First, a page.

By MIKE HINMAN
Daily News reporter
Dissident nurses at Alaska Regional Hospital
have petitioned to decertify the union that represents them, saying
the union hasn't made enough progress in obtaining a permanent
contract. Before a decertification vote can take place,
the National Labor Relations Board must give its approval. The
agency must decide if an interim contract reached by the union,
Laborers Local 341, and the hospital is a legitimate collective
bargaining agreement and, if it is, whether it prevents the nurses
from holding a decertification vote at this time.
An NLRB official held a hearing on the matter
Wednesday. The agency's regional director in Seattle could make
a decision on a decertification vote in two weeks, said Norm Hayashi,
the NLRB's hearing officer. The nurses filed the decertification petition
April 19, a week after the interim contract was signed. At least
30 percent of the bargaining unit's roughly 215 nurses were required
to sign the petition to force the issue to a vote. The petition drive started in March, long
before the agreement was signed, said Susan Schapira, spokeswoman
for the dissident nurses.
The nurses are also upset with the suddenness
of the interim contract, which they believe is worse than a contract
that was rejected in May 1998, and with a lack of communication
between the union and its nurses, Schapira said. "We feel the union has not represented
the nurses well," Schapira said at the hearing.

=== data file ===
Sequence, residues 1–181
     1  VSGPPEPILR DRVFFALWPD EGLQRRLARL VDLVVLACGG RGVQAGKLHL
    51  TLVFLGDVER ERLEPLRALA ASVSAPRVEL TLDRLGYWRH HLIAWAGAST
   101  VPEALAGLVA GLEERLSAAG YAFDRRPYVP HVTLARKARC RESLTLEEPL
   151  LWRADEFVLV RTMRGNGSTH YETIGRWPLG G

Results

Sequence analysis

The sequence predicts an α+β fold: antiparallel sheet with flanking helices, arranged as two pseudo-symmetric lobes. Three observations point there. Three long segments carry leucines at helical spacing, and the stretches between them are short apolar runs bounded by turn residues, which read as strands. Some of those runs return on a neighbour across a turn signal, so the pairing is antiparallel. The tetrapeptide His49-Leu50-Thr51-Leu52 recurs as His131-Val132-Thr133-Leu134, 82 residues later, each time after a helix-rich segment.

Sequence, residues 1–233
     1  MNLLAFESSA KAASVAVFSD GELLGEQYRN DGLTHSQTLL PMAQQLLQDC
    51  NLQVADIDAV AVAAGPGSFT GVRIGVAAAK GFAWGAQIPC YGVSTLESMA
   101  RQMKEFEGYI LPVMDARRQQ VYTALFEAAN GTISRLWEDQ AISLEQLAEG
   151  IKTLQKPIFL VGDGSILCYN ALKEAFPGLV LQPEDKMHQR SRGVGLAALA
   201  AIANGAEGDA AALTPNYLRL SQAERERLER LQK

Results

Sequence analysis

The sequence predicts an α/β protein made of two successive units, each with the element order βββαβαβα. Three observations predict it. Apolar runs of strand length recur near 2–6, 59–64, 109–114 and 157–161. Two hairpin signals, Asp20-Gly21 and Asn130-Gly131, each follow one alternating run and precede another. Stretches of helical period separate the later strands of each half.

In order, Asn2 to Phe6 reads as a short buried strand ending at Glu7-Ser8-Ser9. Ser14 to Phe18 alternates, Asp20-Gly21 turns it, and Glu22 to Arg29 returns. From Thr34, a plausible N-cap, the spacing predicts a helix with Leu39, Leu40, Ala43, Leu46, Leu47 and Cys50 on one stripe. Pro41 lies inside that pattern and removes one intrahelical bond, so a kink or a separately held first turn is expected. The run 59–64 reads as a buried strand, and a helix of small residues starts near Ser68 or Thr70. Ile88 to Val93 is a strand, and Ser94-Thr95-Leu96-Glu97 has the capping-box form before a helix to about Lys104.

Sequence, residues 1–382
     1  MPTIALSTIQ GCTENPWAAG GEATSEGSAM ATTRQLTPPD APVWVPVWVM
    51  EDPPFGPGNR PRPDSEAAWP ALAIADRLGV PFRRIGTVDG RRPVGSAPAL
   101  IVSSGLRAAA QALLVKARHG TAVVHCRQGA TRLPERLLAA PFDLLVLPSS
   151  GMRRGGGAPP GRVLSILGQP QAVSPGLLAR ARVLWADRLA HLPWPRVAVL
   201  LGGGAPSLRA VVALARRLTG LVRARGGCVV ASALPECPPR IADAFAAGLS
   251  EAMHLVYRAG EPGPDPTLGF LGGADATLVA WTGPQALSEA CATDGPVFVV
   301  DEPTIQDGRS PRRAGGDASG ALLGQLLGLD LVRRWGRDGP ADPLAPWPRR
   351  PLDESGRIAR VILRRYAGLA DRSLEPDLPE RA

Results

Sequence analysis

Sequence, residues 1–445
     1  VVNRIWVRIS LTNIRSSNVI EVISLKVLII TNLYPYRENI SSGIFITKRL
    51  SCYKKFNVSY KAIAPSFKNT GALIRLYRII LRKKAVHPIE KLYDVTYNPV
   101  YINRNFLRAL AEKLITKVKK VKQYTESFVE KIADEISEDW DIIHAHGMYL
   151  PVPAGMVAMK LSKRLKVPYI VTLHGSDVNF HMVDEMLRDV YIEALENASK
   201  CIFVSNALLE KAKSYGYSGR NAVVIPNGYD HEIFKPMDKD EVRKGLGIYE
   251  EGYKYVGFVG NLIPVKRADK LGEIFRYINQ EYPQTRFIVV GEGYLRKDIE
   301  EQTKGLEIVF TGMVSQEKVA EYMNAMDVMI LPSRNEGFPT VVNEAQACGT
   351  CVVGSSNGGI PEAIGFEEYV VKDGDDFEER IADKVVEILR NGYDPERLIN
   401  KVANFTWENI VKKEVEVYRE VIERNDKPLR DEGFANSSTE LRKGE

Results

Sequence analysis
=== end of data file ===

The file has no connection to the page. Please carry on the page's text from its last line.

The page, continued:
The hospital and the dissident nurses debated
the need for the interim agreement during Wednesday's hearing.
The hospital's attorney said it wanted some
sort of agreement to prevent the kind of labor problems that have
occurred at Providence Alaska Medical Center, where nurses went
on strike April 15. The interim contract has a no strike/no lockout
clause. "We needed to have an assurance of stability,"
said Mallory Phillips, Alaska Regional's attorney.
The nurses countered that they had already
agreed not to strike while negotiations continued. That was not good enough, Phillips said.
The hospital needed a legally binding document, not just the negotiator's
word. He said the hospital also wanted a "market
correction" to its nurses' wages to keep the hospital competitive
in retaining and recruiting nurses. The increases were not an across-the-board
raise and were given to about half of the nurses. The others have
not received a raise since the nurses voted to unionize in September
1996, Phillips said.
The interim agreement calls for both sides to continue negotiations until a final agreement is reached. Issues not covered in the agreement include pay raises for the nurses who didn't receive the market correction, shift differentials and staffing issues, said Mano Frey, business manager of Local 341.